Saturday, November 15, 2014

Adoption Awareness Month

Our life is consumed with a lot of Foster to Adopt business these days. I'll try and post this week with some small updates. We have few updates on the case, and are settling in for the long process. However, not a day goes by I don't thank God for our son's adoption. November happens to be Adoption Awareness Month and we were fortunate enough to meet up with Kim and her family today!

We brought our son home over two years ago! We had minimal contact with his birth mother, Kim. If you read back through some posts, look for Miss K... We didn't disclose her name until our relationship was established. We've always loved her and knew we would always feel grateful for her choice. Her selflessness in carrying our boy, birthing him, and then choosing us to parent him is hard to fully grasp. She is unbelievably strong and I'm so thankful our relationship has grown. We started with letters and gifts through our agency. Meeting at the agency. Photobucket. Email. Meeting at public places. Texting. Yep, it's awesome. I am thoroughly enjoying having her in our life. I realize I have zero control over our future, but I'm thankful we are all putting in the effort to grow our relationship. I hope Carson is proud of his birth mother, and enjoys her involvement in his life. I feel honored to mother Carson and help him sort through his adoption during each stage of his life.

She is so sweet. Today we met at Chuck E. Cheese and had a great time. We've been prepping Carson for this visit. He is starting to love his adoption. He asks to read his adoption book (our profile book) and watch his adoption movies. :) Now, we get to show pictures of Kim and explain her vital role in all of this! It's really neat. He asks to pray for Kim and "his sister Katei" almost every night. We also met her new baby, Hannah. I love cuddling sweet babes. Here are a few photos from our time:

We love our son. We love Kim and her family. We love adoption.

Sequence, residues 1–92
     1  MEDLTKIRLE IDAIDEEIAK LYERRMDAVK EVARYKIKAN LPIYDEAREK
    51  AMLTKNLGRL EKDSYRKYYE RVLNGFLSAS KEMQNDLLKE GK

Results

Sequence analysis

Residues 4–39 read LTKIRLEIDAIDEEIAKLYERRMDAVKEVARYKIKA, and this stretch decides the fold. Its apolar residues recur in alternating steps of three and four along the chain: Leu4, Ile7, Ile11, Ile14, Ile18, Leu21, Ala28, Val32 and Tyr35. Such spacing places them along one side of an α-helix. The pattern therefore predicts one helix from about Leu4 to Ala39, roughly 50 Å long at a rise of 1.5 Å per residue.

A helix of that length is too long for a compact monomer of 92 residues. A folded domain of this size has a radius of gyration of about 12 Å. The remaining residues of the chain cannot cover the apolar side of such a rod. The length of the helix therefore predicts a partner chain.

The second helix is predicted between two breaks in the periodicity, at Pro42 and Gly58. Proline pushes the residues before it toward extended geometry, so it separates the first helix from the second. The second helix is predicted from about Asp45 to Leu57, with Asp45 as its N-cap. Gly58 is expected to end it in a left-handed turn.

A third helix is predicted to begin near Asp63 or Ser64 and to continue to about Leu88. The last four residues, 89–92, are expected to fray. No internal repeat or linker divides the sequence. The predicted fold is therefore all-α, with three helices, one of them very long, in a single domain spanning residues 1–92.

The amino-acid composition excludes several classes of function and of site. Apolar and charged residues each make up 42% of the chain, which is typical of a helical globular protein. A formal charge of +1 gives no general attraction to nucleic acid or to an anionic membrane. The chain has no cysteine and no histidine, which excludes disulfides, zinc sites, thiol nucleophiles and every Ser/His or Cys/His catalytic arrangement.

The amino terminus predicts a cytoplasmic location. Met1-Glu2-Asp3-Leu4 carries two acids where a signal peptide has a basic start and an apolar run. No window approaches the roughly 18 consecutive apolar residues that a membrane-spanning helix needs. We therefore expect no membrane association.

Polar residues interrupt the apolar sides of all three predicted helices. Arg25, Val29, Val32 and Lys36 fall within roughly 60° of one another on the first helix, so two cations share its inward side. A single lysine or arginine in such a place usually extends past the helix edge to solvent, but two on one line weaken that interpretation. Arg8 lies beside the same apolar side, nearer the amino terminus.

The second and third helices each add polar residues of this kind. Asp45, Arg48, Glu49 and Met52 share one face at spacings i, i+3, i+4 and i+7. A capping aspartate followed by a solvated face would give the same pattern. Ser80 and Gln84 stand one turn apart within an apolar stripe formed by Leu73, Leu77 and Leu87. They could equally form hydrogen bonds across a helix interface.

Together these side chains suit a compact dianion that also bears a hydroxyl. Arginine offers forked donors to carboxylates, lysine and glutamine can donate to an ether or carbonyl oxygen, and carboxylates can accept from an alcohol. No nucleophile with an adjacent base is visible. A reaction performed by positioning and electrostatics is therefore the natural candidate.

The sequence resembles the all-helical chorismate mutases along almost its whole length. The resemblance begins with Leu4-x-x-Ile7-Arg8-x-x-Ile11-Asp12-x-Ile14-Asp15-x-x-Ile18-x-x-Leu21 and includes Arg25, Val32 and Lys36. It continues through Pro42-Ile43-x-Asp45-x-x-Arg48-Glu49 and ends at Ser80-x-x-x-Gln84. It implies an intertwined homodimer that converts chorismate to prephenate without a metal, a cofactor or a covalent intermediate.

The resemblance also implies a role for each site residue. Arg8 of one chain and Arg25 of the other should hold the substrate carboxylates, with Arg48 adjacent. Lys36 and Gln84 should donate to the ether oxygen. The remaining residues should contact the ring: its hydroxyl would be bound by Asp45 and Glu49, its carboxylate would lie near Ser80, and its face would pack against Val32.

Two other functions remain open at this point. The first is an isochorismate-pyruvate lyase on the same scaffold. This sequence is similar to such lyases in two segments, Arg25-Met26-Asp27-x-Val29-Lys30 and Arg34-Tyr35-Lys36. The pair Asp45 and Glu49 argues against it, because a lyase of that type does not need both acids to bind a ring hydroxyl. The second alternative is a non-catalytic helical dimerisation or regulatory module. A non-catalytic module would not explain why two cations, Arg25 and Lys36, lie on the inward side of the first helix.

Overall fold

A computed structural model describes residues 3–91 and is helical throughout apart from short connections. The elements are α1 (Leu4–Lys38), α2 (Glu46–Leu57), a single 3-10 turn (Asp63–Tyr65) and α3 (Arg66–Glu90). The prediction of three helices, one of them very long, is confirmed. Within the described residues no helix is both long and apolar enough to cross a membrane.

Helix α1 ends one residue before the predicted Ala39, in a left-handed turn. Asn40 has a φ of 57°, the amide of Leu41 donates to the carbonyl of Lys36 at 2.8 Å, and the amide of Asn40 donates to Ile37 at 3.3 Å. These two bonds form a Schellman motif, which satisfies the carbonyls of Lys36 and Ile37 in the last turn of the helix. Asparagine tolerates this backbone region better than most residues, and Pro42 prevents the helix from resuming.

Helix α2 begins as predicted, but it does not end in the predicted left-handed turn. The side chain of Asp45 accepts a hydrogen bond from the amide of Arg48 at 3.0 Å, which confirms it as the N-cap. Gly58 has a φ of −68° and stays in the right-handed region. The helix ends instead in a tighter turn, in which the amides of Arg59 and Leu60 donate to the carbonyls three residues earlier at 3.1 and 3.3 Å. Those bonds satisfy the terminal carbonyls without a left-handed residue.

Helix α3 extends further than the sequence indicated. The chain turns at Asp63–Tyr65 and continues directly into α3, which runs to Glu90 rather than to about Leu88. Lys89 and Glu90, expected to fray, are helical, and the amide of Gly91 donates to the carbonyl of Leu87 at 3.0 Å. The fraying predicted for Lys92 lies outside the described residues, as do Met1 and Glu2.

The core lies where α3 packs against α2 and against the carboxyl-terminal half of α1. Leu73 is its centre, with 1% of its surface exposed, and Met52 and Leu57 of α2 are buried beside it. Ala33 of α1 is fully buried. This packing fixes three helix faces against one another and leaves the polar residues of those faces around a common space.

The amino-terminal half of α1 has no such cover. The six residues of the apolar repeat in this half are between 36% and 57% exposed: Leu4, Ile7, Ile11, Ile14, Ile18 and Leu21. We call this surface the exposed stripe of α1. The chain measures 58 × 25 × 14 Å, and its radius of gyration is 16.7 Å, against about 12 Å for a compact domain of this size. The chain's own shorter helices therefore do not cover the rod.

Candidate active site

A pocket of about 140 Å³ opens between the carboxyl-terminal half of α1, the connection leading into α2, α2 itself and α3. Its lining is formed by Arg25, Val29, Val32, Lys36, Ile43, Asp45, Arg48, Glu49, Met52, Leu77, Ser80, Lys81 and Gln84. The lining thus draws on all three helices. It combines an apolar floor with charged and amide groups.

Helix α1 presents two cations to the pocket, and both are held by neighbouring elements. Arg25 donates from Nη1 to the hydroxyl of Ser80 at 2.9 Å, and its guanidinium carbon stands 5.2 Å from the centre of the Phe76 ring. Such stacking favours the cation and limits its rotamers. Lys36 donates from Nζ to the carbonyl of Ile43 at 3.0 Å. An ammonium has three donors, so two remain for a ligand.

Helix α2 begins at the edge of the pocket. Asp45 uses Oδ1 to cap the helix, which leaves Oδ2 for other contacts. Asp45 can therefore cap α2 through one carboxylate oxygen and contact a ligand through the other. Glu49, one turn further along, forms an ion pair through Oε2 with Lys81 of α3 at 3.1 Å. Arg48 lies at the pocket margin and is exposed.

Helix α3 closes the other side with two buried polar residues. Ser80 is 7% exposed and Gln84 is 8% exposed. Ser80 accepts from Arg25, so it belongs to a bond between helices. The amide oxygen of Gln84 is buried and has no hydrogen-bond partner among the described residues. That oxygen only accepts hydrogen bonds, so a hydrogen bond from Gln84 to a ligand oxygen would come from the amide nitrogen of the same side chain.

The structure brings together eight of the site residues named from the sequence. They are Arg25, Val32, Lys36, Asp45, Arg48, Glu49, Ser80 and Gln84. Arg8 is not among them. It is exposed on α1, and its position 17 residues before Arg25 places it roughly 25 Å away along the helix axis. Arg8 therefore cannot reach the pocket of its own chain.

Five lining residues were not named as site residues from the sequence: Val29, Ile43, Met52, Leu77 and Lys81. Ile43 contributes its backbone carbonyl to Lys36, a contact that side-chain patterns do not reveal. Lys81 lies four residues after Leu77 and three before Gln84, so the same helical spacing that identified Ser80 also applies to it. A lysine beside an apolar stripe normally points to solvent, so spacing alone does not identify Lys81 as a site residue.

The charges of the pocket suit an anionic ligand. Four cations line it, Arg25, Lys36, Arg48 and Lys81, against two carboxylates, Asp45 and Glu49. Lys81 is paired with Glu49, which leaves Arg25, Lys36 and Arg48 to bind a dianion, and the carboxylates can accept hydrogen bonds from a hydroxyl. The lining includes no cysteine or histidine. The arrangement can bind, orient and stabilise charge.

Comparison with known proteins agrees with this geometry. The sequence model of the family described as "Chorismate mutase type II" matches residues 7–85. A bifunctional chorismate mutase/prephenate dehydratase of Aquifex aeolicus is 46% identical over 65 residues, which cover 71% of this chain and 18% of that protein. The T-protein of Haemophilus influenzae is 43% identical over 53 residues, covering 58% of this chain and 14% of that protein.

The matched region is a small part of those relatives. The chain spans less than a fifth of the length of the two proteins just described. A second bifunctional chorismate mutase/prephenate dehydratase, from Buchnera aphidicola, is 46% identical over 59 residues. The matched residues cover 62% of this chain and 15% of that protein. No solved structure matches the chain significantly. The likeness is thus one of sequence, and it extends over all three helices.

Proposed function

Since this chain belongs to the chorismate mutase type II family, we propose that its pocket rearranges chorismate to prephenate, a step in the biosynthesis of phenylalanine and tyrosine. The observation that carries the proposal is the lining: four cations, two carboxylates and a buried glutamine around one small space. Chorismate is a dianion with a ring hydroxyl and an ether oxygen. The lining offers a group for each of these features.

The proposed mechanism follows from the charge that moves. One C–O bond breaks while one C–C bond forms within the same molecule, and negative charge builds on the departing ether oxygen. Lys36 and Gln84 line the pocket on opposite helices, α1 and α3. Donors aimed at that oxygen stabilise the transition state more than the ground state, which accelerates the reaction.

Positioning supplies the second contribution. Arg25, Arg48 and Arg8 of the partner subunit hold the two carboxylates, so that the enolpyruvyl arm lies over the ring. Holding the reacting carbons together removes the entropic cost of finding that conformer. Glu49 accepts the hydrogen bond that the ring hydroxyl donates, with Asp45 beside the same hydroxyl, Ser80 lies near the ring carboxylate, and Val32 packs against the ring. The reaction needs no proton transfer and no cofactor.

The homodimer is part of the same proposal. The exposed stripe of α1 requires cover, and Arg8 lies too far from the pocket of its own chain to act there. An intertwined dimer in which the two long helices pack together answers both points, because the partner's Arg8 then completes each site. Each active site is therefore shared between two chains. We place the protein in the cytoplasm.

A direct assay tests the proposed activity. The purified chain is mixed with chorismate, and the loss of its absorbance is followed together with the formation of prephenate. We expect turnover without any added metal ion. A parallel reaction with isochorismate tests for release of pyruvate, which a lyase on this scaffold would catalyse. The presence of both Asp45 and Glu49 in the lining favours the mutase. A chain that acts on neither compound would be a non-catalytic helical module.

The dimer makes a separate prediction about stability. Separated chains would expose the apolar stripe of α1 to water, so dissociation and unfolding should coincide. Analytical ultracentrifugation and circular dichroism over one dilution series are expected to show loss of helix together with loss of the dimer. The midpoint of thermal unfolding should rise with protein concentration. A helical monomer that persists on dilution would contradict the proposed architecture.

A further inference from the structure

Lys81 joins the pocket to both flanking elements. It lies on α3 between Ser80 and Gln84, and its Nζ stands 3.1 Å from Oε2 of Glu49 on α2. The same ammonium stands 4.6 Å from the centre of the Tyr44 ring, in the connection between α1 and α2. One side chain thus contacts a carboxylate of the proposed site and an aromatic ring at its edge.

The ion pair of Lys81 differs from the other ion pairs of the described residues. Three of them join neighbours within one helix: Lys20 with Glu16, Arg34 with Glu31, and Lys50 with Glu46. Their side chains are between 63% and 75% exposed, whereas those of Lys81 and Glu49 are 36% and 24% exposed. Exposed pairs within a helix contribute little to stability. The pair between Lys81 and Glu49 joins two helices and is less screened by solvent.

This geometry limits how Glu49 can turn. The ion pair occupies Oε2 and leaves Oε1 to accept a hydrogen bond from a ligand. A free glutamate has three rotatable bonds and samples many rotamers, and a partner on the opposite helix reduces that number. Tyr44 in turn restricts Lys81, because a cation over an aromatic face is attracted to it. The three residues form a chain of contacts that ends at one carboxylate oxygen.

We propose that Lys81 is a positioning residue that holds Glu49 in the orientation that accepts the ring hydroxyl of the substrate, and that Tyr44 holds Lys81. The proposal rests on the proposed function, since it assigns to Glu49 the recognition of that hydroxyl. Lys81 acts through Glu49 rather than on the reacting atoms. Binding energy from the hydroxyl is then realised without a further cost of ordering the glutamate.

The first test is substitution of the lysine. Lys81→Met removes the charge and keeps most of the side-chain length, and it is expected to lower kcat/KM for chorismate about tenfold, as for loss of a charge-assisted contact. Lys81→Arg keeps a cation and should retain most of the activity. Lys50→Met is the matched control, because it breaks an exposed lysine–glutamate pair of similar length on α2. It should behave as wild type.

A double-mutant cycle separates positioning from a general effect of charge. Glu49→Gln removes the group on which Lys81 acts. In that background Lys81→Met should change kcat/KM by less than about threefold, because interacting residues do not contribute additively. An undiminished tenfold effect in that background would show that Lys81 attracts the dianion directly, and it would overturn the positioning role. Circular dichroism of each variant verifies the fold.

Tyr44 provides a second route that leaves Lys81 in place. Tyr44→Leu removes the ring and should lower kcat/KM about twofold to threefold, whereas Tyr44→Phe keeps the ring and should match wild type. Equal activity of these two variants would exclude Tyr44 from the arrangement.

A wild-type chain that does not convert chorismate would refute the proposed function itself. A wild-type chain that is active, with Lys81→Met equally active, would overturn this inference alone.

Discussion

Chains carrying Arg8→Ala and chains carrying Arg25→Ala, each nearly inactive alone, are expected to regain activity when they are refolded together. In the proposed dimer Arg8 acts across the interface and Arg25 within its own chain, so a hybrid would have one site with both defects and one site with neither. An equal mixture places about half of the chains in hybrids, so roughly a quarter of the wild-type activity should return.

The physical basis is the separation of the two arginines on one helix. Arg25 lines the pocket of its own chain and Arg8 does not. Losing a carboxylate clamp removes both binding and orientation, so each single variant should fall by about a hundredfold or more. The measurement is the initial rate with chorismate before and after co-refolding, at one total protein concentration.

Monday, October 27, 2014

Half Ironman

We drove to Austin Saturday morning with the Haley's. Carson stayed with my parents, thank you Teeny and Bebol!! Dan, Bridgette, and Eva graciously stayed at our house with the boys, THANK YOU! I was happy to head down there knowing all our kiddos were in the best hands! It was really strange leaving the boys. This was our first time to leave them over night. They did great.

We arrived at the Expo around 1 and checked in. Everything went smooth and we headed over to drop off my bike. I was nervous about the logistics of this race. I've never done a mandatory bike check-in, or experienced different locations for T1 and T2. It turned out to be a lot less stressful than I thought. Mostly because Ironman did a wonderful job putting this race together. It was well thought out!! 

So, we headed to eat. I was starving at this point.. Jake was asking Siri where to go, oh brother. We drove by two "top rated" places before finding a spot to eat... I had to say no- I was not going to risk brazilian tacos from a house and who knows what else he tried to pick, the day before the race. lol. I'm sure the places were great, but better safe than sorry! I agreed to Gourmand's. It was tasty! We headed to check in at the hotel with full happy bellies.

We stayed at the Hilton Austin Airport. It was lovely. I unpacked and looked over race details. Put my clothes by their designated bags, showered, and crawled in bed. I planned to watch TV until dinner, but ended up taking a little nap. The bed was soooo comfortable! We ate in the hotel because I didn't want to get out late and wanted to stay cozy. I left dinner a few minutes before everyone else; took a bath; bagged up my gear; packed up for early check out; and went to bed! I slept pretty great. I was in bed by 9:00. Slept from 10:45-5:20. Not bad for race day!